• If you’ve always been reluctant to invest, put your money in a target date fund and you’ll wake up years from now a lot richer than if you let that money sit in a savings account.
If you want any shot at a comfortable retirement, you need to be investing — yesterday.
Saving is great, but letting your money sit in an account earning no interest means it’s going to lose value over time, thanks to inflation, when it could be earning interest and compounding exponentially instead. You need that investment growth to lift your retirement prospects, as many people won’t be able to afford the same lifestyle of their younger days relying on the raw savings from their salary alone.
“The more you put in today, the much more you’ll have later down the road because of the time value of money and the growth on investment returns,” Michael Solari, a certified financial planner with Solari Financial Management, told Business Insider.
But millennials, many of them scarred by the financial crisis and what they saw it do to their parents, are notoriously leery of the stock market. Only a third of people age 19-35 invest in the market, according to financial information website Bankrate.com.
So what should you do if you feel ill-equipped or too nervous to deal with the stock market, but you’ve got several thousand dollars gathering dust in a bank that you’d like to put to work?
First, understand that no investment comes devoid of risk. You’ve got to have some skin in the game to make money.
And in the current market climate, you’re not going to get much of a return avoiding stocks entirely.
“It’s tough, because it’s such a low-interest-rate environment, that getting exposure to something that’s risk-averse has been extremely difficult for wealth managers and financial planners,” Solari said. “If you’re looking to get 4% or 5% you’re not necessarily going to get that with bonds these days unless you’re going to lower the credit quality. Then you’re getting yourself into a rabbit hole.”
As a first step, you should at the bare minimum move your pile of money into a “high-yield” savings account. “High” in this scenario is relative. There are dozens of good options out there — Ally, Goldman Sachs, and Barclays all offer accounts with no minimum — but you’re only looking at a 1% annual return, or $100 on $10,000 in savings. It’s not much, but it’s still 100 times better than traditional savings accounts, where you earn 0.01% on your money (that’s $1 on $10,000).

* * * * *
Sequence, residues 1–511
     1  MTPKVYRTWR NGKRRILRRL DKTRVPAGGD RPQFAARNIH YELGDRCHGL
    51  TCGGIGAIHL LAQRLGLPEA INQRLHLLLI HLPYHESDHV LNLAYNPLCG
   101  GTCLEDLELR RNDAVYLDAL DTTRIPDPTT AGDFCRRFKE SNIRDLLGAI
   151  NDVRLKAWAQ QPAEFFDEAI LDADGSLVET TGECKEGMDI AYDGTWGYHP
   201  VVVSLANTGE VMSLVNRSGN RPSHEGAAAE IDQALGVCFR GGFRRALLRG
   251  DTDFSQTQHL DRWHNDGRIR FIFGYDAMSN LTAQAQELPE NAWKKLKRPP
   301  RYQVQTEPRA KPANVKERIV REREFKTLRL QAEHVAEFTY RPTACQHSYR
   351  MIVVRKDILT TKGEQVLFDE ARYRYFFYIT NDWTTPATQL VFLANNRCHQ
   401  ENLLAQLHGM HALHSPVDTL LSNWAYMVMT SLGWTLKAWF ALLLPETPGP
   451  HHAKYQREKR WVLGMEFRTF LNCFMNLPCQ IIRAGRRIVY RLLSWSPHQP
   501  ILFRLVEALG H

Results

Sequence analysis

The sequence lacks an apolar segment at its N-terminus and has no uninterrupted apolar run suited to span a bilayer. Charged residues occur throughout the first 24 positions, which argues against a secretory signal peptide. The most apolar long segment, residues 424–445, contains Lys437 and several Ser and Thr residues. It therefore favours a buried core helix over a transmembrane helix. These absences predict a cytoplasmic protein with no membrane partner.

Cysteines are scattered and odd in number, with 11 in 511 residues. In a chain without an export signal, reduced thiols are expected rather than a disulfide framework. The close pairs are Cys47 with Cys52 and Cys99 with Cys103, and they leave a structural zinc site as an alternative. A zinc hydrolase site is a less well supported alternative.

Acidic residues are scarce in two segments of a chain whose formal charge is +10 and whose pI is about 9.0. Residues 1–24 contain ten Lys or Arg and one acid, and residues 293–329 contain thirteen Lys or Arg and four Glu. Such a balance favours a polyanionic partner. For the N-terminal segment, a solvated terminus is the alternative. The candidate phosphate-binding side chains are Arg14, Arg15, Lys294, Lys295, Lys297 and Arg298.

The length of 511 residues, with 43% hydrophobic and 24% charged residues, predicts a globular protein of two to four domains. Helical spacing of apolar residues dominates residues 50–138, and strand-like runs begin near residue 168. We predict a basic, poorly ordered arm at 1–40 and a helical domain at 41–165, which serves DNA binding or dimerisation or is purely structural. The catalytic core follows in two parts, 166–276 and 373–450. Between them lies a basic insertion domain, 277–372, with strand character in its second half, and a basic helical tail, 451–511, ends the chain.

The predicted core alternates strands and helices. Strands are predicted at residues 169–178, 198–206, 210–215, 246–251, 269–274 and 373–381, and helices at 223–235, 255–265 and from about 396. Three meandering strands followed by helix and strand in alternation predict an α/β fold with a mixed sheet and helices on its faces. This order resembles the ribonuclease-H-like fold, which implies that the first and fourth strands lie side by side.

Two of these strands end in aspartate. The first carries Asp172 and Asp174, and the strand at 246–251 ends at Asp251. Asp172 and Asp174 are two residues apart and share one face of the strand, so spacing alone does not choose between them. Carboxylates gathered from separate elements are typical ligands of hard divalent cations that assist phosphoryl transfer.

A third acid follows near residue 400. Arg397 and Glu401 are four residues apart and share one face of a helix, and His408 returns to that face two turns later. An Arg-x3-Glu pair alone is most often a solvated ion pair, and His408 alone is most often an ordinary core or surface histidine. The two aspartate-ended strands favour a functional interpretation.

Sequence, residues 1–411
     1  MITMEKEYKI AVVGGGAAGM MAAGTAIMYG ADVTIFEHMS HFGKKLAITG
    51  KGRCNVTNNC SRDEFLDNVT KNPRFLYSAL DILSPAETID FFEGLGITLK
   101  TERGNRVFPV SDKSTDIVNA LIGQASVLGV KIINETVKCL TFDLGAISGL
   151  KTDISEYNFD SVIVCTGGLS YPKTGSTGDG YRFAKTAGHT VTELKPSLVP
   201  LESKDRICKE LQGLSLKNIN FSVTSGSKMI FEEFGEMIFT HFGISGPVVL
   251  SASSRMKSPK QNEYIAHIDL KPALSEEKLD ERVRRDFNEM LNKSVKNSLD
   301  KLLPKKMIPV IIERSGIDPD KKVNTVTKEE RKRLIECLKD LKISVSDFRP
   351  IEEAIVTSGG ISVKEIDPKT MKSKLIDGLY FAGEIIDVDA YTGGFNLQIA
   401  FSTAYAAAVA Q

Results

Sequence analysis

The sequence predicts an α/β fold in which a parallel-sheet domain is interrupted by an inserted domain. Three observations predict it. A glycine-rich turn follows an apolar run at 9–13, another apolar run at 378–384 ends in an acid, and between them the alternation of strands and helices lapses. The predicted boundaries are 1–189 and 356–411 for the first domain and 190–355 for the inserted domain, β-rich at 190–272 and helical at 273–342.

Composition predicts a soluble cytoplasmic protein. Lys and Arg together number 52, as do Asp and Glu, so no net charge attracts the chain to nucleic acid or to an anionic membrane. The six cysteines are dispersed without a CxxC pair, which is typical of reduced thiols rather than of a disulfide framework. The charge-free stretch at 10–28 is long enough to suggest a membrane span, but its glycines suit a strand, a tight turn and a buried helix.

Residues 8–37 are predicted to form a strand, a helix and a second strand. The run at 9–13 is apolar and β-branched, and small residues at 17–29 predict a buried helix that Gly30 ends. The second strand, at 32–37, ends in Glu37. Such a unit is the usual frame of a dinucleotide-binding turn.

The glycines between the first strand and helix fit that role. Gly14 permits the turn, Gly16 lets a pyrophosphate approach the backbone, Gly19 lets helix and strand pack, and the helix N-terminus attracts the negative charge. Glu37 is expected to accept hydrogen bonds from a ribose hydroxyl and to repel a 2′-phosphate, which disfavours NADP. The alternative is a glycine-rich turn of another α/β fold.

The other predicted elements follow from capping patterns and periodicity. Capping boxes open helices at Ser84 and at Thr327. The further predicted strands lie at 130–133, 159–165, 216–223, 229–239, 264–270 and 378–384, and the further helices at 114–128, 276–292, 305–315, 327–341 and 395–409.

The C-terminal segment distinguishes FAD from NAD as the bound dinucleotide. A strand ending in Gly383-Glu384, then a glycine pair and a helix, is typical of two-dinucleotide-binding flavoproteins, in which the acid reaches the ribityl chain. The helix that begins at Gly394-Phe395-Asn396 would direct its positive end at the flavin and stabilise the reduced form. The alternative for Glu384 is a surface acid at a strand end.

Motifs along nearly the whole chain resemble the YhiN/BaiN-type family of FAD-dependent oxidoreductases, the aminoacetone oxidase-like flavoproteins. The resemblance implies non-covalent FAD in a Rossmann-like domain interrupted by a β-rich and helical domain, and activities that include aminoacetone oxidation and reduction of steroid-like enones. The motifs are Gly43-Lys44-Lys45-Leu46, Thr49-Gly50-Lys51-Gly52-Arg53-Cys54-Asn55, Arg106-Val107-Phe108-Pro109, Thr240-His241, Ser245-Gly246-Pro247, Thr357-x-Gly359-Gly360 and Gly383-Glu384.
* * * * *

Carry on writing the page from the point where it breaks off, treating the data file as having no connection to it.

Set it and forget it
But in reality, you can get exposure to higher-interest investments with pretty low risk — especially if you’re young and investing for the long haul.
The smart play, according to Solari, is to put your money in a low-cost target date retirement fund. Sometimes known as “set it and forget it” investments, these diversified funds automatically adjust their asset allocation and risk exposure based on your age and retirement horizon. Early on, when the need for that money is still a couple decades away, the fund will adopt a more growth-focused strategy. As you ripen toward retirement, it dials back the risk.
“If you’re a novice investor, the best thing to do is go to Vanguard, open up a Vanguard account and pick a Vanguard target date retirement fund, because it’s going to give you exposure to different asset classes,” Solari said. “It’s an index, so it’s at a lower cost and you get diversification.”
Again, nothing is ever guaranteed in the stock market, but if you’ve got a large chunk of money just sitting idle, this comes pretty close to a no-brainer. Consider that the S&P 500 has averaged an 11% annual return since 1966.
You may not get 11% in your target date fund — given you’ll be invested in a blend of stocks, bonds, and alternative assets — but if you get even 6% per year, that original $10,000 investment will be worth more than
$32,000 in 20 years
without you having to do a single thing. In your high-yield savings account, you’re looking at
$12,200, and in your traditional savings account, you wind up with
When you consider the money at stake here, there’s really no reason to wait. Pay no attention to Donald Trump or whatever calamity the markets and prognosticators are handwringing about. Trying to time the market is a fool’s errand.
“Instead of trying to navigate that, you really want to make sure you’re in it. Because markets are up more often than they’re down,” Solari said. “No one can time the market, so know that if there is a decline, it’s going to bounce back. Over time, being in the market pays off more so than staying out of it.”
If you’ve always been queasy about investing, take a deep breath and trust fall into a target date fund. You’ll wake up 20 years from now thousands richer than you would have been otherwise.